For many decades, iceberg lettuce was king of the American salad. Unless you ordered a fancy caesar salad with romaine, when you asked for salad, you got iceberg. It was salad. Then sometime around the early 80's, things started to change. The fresher and more unique flavors of other greens — like fresh spinach, mesclun, arugula, and radicchio — came into vogue, and iceberg became a joke, a sad symbol of homogeny and unsophistication. But things are changing yet again and today iceberg has made a small but noticeable comeback.
After years of being maligned as a flavorless, good for nothing salad green, iceberg is starting to find a new place in American cuisine. While it's not even close to the kingly status it once had, you can occasionally find iceberg on hip menus as an retro/ironic wedge or chopped salad. Many people still love it for their burgers and BLTs, and it's a perfect base for the classic 7-Layer salad.
After its decline in the US, iceberg became popular in places like Mexico where it was used as a sweeter substitute for shredded cabbage. And in Asia, too. From Irene Sax's excellent article The Ice Queen from Saveur:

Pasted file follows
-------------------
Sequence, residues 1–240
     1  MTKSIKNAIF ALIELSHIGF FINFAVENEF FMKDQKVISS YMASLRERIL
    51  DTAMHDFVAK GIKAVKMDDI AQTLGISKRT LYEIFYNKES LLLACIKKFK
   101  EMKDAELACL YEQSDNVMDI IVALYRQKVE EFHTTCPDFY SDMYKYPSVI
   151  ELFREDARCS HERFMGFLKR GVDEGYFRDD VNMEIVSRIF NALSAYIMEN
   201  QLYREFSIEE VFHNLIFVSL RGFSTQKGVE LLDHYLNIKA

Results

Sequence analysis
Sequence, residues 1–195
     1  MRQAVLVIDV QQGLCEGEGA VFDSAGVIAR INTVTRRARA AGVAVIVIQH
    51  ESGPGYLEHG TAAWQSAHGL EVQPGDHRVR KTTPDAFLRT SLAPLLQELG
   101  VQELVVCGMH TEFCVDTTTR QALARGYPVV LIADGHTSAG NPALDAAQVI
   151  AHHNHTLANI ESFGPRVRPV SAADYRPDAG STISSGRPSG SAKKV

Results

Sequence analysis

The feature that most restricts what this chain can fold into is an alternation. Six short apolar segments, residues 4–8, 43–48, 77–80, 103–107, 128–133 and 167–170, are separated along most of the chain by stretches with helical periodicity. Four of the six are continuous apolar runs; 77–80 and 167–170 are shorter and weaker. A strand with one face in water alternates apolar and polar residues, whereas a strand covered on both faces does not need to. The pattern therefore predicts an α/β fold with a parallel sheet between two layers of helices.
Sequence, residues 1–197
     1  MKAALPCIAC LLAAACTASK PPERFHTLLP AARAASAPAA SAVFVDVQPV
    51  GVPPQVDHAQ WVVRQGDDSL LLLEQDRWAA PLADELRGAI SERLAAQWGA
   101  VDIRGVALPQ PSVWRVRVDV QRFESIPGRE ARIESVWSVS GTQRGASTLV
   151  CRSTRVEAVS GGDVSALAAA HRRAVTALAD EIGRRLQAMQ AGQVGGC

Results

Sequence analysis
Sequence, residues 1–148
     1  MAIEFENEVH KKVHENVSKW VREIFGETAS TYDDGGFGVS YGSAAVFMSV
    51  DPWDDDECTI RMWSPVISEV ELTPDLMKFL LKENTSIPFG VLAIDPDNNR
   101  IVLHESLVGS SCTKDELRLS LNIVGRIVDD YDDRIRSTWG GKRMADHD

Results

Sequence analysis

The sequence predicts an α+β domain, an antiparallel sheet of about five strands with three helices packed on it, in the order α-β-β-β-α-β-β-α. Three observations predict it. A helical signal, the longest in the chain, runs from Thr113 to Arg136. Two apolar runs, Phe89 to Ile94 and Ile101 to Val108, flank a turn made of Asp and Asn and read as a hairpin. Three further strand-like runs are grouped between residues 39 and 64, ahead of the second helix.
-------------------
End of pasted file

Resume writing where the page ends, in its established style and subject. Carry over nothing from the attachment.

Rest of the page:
In China, the world's largest producer of lettuce in the world, cooks cherish iceberg's resilient texture and add it to warm dishes like congee soups and fried rice. In Japan, locally grown iceberg has become a staple of the simply dressed salads that are often eaten for breakfast or as a refreshing side dish.
And of course, some people never stopped eating it. Whether it's tucked into their fast food burger or still 'salad' on the family dinner table, the crisp, fresh, hardy nature of iceberg is the preferred salad green in many American households. Farmers are now growing more interesting and flavorful varieties, and you can often find them on offer in farmers' markets these days.
Personally, I find that I occasionally want the crisp, juicy texture of iceberg in some of my dishes and will pick up a small head, especially now that you can find organic iceberg. How about you? Are you a fan? What's your favorite use for iceberg?
(Image: Classic Blue Cheese Dressing / Anjali Prasertong)